All the finalists will receive £1,000 with the exception of one who will be awarded the £10,000 fellowship. This will be announced at the AFFAs (Arts Foundation Futures Awards) at the ICA on the 28th January along with the results from the four other artforms; Hip Hop Dance, Experimental Architecture, Visual Arts and Designer-Makers.

    The David Collins Foundation was set up in 2016 in memory of the late designer David Collins to honour his legacy and celebrate his love and contribution to the Arts. For 2019 their support mirrors David's personal interest in poetry both as a reader of new poets and penning his own when he had time.

  • 19-11-2018
  • Finalists announced for Hip Hop Dance Award

  • Kwame Asafo-Adjei, Julia Cheng, Juan Gaviria and Chris Reyes have been selected as the finalists for the first Hip Hop Dance Award supported by The Arts Foundation, a charity which supports UK based talent across the Arts.
    The four were selected from a longlist of dancers nominated by practitioners & producers from around the country. The criteria included all forms of street dance focusing on those breaking boundaries with the artform to create their particular style and method of working.

    The Finalists represent an amazing array of talent in the sector; Kwame Asafo-Adjei work explores black identity and history through hip hop movement and physical story-telling, challenging the stereotypes of the genre as well as tackling social and political subjects. Julia Cheng's captivating work with her collective of largely female artists are at the cutting edge of jazz, poetry, dance and tech. She recently has been involved in exploring wearable tech and how it can create sound scores through movement. Juan Gaviria (pictured) is 'the general' of Soul Mavericks who have helped put the UK on the map for breaking by winning multiple competitions internationally as well as nurturing a new crew of superstars in the making. And finally Chris Reyes whose work is now central to developing the hip hop dance theatre sector with his unique jazz/live/social mix and highlighting the importance of understanding the social context behind such work.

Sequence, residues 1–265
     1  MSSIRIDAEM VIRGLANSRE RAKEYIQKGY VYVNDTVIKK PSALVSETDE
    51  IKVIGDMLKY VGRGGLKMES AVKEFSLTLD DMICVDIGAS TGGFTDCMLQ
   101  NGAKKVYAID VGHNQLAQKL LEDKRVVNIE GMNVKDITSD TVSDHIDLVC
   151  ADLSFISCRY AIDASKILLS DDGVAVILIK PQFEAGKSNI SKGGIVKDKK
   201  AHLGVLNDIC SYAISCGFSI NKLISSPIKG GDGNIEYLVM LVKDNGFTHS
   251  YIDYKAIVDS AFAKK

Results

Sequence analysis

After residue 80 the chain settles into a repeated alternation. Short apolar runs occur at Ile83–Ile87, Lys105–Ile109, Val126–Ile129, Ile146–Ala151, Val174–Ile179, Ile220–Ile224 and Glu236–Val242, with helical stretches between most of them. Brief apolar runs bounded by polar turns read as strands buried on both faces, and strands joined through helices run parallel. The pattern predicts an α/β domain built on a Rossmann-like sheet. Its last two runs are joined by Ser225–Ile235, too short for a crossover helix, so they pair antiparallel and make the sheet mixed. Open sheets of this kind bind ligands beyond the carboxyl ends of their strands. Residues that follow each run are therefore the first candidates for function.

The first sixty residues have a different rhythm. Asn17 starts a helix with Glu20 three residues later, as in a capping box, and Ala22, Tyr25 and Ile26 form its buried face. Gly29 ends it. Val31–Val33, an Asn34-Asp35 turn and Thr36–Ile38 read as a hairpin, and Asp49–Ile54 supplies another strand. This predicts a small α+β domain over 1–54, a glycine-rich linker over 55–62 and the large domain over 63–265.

An eminent panel presided over the applications comprised of Delia Barker, dance specialist and programmes director at the Roundhouse; Benji Reid, one of the UKs pioneer of hip hop theatre and culture and Kenrick Sandy MBE, award-winning dancer, choreographer, teacher, actor and co-founder/artistic director of the legendary Boy Blue Entertainment.
    All the finalists will receive £1,000 with the exception of one who will be awarded the £10,000 fellowship. This will be announced at the AFFAs (Arts Foundation Futures Awards) at the ICA on the 28th January at the ICA along with the results from the four other artforms; poetry, experimental architecture, visual arts and designer-makers.
    The decision to include Hip Hop Dance was due in part to an article in 2017 in Arts Professional which stated that in addition to no conservatoires offering educational training to hip hop or street dance artists, that practitioners ‘are unable to access commissions and large scale profiling because their work isn’t seen as equal to that of other dance genres.’
    Over the past 25 years The Arts Foundation has given over £1.7m to individual artists from across the spectrum of the Arts with the aim of buying them time away from commissions to allow them sit, think, imagine, plan and be rigorous in creating ideas and begin to develop future work. For more info on the artists : http://www.artsfoundation.co.uk/content/2019-shortlist

  • 15-11-2018
  • Sarat Babu creates new titanium material

  • Materials Innovation finalist in 2015, Sarat Babu and his team at Betatype have developed a new titanium mesh fabric material with London based company called Uniform Wares who explore how Metal Additive Manufacturing can re-invent their products. Betatype collaborated with the luxury watchmakers to develop and manufacture a new titanium mesh for their straps and bracelets as part of their new 2019 watch collection. The material, which is to be used for a forthcoming watch line, is completely built on Betaype's site and is already shipping globally.

    Sarat's works focus on the microscopic, looking at how shape and form at a miniscule level can affect the macroscopic for altering the properties a material has to dynamically produce a disassociated tactile experience. Much of his current work uses pioneering research into sintered metals and microarchitecture to produce materials which are ultra light and yet capable of incredible strength.

    The Materials Evolution Award has been supported by The Clothworkers' Company for the past 4 years. It focuses on entrepreneurial Materials Innovation which incorporates a broad set of practices permeating design thinking and problem-solving in society. For more information on past winners please go here : http://www.artsfoundation.co.uk/Artist-Genre/821

    Pictured : C36 watch with titanium mesh NATO strap / Image courtesy of Uniform Wares.